Prolonged Field Care (PFC) is a concept, a practice, a specific kind of austere, remote, yet cutting edge medicine. The concept of PFC is as old as medicine itself, but only recently was it systematized and protocolized. In 2012, as the DOD transitioned from the matured, kinetic combat environments of Iraq and Afghanistan into new, low intensity conflicts smoldering around the globe, medical personnel realized that the old way of practicing combat medicine downrange was incompatible with emerging threats and battlefields. Change was crucial.
Why Prolonged Field Care?
The two main stimuli for this evolution were (1) the tyranny of distance, and (2) the anticipation of future conflicts with peer and near-pear nations. In Iraq and Afghanistan, after Secretary of Defense Robert Gates mandated adherence to the Golden Hour, the battlefield was medically matured. Development required that medical capabilities be distributed within close distances of ongoing missions or operations, or alternately, mobile medical teams be forward deployed close to the battlefield to receive and resuscitate the injured rapidly. This mandate also restricted operational planning to maintain missions within sixty minutes MEDEVAC flight time for critically injured.
While Gates’ mandate functioned fine in Iraq and Afghanistan, special operations units deployed elsewhere to much larger and less developed battlefields soon realized that this idea was inactionable and required modification. Africa is a prime example of the tyranny of distance. We have DOD units deployed all over Africa with limited medical capabilities, and Africa is huge. SOF medics often find themselves managing critically injured patients far beyond the Golden Hour just because of the massivity of the continent and the inability to MEDEVAC immediately.
The second compelling reason to develop PFC concepts and capabilities is the high likelihood of conflicts with near peer and peer nations in the future. In these conflicts, we may exercise only limited air superiority or even no air superiority, in which case air MEDEVAC may be impossible or significantly delayed. Examples include conflicts with Russia, China, Iran, North Korea, etc. This dynamic may require SOF and conventional medics to “babysit” critically injured or sick patients for extended periods without next level of care available. The tyranny of distance and the threat of near peer adversary conflicts forced evolution in the concepts of medical care downrange.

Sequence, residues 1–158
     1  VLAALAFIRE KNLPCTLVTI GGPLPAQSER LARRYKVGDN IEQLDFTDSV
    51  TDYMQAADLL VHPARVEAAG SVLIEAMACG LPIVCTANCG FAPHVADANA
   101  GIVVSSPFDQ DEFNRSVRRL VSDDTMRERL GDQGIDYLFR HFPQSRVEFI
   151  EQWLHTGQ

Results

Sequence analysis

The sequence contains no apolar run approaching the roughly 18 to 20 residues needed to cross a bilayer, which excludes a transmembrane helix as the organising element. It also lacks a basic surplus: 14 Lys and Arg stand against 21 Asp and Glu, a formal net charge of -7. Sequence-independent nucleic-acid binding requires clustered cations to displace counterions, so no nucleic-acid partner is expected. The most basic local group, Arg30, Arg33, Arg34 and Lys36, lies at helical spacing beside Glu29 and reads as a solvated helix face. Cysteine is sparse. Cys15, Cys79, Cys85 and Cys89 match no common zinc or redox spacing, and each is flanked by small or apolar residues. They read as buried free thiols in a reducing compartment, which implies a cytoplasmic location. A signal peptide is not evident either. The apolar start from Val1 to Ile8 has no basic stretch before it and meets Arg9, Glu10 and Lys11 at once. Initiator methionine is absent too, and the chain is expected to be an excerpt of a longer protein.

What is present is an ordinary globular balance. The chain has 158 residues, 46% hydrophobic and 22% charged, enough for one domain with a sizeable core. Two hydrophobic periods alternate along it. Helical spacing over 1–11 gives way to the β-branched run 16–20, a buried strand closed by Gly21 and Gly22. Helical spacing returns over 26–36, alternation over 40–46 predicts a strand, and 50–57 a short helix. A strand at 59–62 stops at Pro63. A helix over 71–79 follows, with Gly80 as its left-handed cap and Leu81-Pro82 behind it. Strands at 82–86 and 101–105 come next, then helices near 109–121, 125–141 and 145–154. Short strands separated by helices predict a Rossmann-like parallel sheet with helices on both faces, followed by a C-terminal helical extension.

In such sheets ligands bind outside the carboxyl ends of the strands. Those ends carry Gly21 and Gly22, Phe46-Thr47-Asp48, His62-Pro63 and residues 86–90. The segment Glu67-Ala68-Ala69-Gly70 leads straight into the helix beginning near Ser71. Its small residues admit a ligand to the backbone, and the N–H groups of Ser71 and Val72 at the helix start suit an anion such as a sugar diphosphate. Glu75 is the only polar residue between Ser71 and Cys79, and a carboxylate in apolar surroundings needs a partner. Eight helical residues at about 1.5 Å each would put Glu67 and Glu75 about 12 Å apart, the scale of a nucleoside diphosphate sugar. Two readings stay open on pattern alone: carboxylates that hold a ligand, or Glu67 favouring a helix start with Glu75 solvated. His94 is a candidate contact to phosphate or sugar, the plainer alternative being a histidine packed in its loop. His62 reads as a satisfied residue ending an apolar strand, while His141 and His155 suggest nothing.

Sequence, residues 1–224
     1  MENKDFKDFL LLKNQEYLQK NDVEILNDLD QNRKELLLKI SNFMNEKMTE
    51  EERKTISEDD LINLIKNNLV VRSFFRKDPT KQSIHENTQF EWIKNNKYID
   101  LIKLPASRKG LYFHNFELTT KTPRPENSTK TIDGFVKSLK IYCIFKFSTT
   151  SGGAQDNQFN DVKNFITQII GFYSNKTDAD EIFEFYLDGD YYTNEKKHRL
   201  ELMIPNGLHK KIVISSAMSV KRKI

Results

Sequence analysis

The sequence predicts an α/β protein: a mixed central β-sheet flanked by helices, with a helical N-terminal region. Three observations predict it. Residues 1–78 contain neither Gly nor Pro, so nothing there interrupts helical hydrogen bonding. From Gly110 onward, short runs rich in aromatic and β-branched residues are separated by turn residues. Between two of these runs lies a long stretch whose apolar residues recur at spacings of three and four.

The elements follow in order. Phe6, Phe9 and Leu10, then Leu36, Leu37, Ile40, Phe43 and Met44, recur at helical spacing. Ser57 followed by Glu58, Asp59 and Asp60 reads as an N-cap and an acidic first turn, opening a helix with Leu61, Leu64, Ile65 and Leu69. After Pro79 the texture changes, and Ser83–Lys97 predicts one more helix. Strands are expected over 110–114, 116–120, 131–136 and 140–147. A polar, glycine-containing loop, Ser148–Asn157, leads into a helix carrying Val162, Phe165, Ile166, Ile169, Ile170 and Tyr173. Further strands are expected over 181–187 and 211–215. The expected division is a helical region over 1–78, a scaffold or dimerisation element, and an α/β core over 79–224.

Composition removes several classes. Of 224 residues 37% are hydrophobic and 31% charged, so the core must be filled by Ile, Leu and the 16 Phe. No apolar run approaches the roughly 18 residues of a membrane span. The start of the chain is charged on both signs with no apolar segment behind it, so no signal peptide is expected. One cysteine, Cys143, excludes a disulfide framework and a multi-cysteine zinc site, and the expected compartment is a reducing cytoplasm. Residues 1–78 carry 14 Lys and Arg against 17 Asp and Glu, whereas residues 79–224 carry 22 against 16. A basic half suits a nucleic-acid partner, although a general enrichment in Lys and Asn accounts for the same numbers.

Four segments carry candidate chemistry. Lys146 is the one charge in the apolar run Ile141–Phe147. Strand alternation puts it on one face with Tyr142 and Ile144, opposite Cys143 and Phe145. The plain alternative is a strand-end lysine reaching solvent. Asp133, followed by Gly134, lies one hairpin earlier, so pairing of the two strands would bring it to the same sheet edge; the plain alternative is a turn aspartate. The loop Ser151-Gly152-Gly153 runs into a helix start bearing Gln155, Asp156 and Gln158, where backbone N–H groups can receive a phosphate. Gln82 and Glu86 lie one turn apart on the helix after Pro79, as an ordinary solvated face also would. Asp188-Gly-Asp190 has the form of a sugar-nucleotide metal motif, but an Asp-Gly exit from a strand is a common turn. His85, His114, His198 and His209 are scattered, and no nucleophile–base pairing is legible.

“In the future, we will be working in permissive, semi-permissive, and some non-permissive environments. We may have no authority to operate in certain countries without that government’s or the ambassador’s approval. We will not have the same robust infrastructure available, but battlefield commanders will still expect the same medical capability as past wars. It is our job as medical providers/planners to inform them, and their job to understand this dynamic and mitigate operational risks.”Jim Czarnik, Army Colonel, Emergency Medicine Physician. PFC Podcast 27.
Prolonged Field Care Origins
In 2014, during the first PFC podcast, Dr. Sean Keenan, emergency medicine physician and command surgeon of the 10th Special Forces Group at that time described the origin of Prolonged Field Care concepts and practice in the US military. In 2013, as multiple groups began to recognize the need for training in “extended care” beyond the Tactical Combat Casualty Care (TCCC) algorithm and the Golden Hour, the Prolonged Field Care Working Group (PFCWG) was created at the annual Special Operations Medical Scientific Assembly (SOMSA). Members of the working group began brainstorming and working through the concepts, training, and practices and established the initial form of PFC. Over the years these concepts and practices were evolved and refined into what PFC is today.